Lubiam may be celebrating its centennial, but the company’s story can actually be traced back more than 100 years—to 1898, when 16-year-old Luigi Bianchi left his home in Mantova, Italy, to learn tailoring in Turin. When he returned, in 1911, he opened his own made-to-measure clothing shop. The place caught on—Edward, Prince of Wales, ordered an entire wardrobe—and later, in 1939, Bianchi introduced the Lubiam label, which is based on an acronym: LUigi BIAnchi Mantova.
This story first appeared in the June 20, 2011 issue of WWD. Subscribe Today.
Now, to mark its 100th anniversary, Lubiam has big plans for Pitti Uomo. From June 14 to 17, the company—still run by the same family—will present an exhibition and multimedia event, entitled One Hundred Years, in the Limonaia building in the Villa Vittoria gardens next to the Florence trade show. A party is slated for the opening night.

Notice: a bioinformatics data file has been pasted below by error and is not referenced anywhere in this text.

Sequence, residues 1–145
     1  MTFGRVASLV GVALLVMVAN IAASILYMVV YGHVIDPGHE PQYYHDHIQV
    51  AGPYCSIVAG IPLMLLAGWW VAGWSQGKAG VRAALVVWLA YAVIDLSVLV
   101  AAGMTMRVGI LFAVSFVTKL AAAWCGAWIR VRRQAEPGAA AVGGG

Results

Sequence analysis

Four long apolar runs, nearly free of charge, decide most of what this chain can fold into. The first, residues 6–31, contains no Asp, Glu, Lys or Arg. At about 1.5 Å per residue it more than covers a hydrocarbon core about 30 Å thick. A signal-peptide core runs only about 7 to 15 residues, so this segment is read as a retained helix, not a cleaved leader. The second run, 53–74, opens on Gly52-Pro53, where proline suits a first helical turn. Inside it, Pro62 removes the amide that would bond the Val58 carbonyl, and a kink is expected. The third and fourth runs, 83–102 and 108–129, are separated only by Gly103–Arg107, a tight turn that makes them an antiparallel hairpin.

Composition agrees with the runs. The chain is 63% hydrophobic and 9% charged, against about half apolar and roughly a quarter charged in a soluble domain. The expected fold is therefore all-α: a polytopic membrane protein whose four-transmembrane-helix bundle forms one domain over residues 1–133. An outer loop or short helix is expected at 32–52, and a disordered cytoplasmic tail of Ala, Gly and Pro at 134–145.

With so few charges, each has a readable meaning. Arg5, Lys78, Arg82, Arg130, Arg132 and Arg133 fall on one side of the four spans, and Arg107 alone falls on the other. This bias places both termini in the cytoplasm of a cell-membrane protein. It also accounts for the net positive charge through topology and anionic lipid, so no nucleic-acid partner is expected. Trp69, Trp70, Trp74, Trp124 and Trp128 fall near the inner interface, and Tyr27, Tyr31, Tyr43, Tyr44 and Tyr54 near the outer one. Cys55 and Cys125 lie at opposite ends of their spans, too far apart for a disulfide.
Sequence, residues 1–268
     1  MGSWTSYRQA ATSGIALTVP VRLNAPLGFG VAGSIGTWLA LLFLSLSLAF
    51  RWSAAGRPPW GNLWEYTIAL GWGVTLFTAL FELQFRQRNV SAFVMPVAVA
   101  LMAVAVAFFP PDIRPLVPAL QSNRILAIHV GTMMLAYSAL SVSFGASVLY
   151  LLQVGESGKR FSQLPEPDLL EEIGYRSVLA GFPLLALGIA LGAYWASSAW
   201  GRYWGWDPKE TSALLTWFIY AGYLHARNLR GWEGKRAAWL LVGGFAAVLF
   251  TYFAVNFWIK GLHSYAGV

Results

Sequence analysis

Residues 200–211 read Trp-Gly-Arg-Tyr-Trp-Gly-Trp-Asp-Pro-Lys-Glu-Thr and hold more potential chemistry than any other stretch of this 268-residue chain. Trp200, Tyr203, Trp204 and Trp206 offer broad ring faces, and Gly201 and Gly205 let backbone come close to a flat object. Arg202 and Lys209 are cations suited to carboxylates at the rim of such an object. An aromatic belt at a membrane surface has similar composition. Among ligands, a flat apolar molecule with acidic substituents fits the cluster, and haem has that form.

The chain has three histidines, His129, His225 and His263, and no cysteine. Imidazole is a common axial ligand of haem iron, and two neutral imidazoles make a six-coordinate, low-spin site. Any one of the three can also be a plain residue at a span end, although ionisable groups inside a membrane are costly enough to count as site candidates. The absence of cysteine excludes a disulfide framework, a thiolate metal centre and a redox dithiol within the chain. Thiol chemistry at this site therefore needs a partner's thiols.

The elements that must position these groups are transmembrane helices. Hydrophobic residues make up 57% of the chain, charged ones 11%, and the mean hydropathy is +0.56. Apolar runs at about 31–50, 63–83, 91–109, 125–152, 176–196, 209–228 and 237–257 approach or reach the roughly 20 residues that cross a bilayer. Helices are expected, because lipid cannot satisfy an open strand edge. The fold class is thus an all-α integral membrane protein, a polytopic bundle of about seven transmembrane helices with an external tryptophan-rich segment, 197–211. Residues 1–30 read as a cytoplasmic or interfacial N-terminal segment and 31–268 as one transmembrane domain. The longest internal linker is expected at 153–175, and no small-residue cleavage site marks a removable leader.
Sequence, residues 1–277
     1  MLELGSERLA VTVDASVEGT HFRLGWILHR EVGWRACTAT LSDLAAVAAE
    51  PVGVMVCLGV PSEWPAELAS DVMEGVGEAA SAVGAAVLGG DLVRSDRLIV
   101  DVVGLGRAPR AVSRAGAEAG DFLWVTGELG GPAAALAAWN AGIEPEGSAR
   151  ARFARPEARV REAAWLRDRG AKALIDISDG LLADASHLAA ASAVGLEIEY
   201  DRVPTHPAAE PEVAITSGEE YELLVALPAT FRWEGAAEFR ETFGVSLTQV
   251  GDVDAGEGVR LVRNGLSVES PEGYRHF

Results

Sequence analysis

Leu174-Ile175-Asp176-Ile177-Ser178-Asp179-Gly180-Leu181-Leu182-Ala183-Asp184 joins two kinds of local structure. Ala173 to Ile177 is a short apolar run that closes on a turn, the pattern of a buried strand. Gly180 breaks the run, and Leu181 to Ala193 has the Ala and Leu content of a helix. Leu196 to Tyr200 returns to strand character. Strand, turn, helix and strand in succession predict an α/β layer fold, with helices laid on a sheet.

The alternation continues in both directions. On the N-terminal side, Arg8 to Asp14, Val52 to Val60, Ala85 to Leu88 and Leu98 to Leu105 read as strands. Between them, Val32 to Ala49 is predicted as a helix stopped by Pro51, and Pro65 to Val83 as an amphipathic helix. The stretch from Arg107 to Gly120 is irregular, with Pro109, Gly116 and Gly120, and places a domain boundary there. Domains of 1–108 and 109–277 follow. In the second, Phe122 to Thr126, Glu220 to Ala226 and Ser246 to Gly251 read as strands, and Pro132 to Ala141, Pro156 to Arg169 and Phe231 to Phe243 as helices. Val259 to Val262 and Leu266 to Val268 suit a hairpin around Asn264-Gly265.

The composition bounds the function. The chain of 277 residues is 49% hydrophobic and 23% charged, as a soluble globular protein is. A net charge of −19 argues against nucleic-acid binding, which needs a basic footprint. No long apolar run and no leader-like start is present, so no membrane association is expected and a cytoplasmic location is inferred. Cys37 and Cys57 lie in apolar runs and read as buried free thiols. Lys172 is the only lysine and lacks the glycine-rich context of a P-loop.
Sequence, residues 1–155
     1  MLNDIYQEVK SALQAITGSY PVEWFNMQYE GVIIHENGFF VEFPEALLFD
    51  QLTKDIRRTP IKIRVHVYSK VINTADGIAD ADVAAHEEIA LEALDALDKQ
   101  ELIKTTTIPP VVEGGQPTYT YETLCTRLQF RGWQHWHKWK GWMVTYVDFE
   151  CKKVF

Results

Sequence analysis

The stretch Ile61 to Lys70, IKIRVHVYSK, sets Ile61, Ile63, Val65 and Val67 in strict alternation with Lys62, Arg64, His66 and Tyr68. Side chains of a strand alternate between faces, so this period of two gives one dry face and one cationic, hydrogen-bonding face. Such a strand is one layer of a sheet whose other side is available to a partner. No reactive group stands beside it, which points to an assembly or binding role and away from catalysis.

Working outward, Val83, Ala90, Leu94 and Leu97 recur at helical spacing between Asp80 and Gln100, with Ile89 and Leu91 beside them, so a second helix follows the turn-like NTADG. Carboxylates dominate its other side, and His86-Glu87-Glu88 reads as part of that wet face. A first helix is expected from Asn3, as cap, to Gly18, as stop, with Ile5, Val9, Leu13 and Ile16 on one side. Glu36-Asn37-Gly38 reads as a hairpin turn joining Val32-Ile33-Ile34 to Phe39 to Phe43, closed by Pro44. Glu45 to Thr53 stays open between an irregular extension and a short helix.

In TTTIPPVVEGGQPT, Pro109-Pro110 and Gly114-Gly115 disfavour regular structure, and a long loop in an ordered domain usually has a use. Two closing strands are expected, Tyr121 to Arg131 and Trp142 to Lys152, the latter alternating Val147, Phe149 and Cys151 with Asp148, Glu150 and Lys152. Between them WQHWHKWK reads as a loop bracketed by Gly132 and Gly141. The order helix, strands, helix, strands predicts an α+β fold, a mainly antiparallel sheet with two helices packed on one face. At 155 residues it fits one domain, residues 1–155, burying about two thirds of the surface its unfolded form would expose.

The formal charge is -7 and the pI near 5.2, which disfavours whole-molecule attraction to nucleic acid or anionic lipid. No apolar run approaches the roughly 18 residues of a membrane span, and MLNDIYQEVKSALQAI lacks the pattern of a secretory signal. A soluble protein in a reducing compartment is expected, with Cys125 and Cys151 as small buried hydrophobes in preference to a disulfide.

Lubiam, which has been exporting to the U.S. since the 1960s, reports sales of about 40 million euros, or $57 million at current exchange—a number that the family’s fourth generation plans to increase significantly. Andrea Benedini, international export manager, notes that the collection has been expanded and updated. Although it still includes traditional made-to-measure tailored clothing, the family has added unconstructed sport coats and fresh sportswear to give the collection “a more contemporary look.”
Benedini aims to increase sales in the U.S. by 50 percent this year (“America has to become more important,” he says), but the anniversary initiatives aren’t focused solely on business. Lubiam recently built a new kindergarten for its employees’ children to celebrate the 100 years it has operated in Mantova. “My great-grandfather and grandfather always wanted to spend money on the Lubiam families,” Benedini says. “That is the spirit of the company.”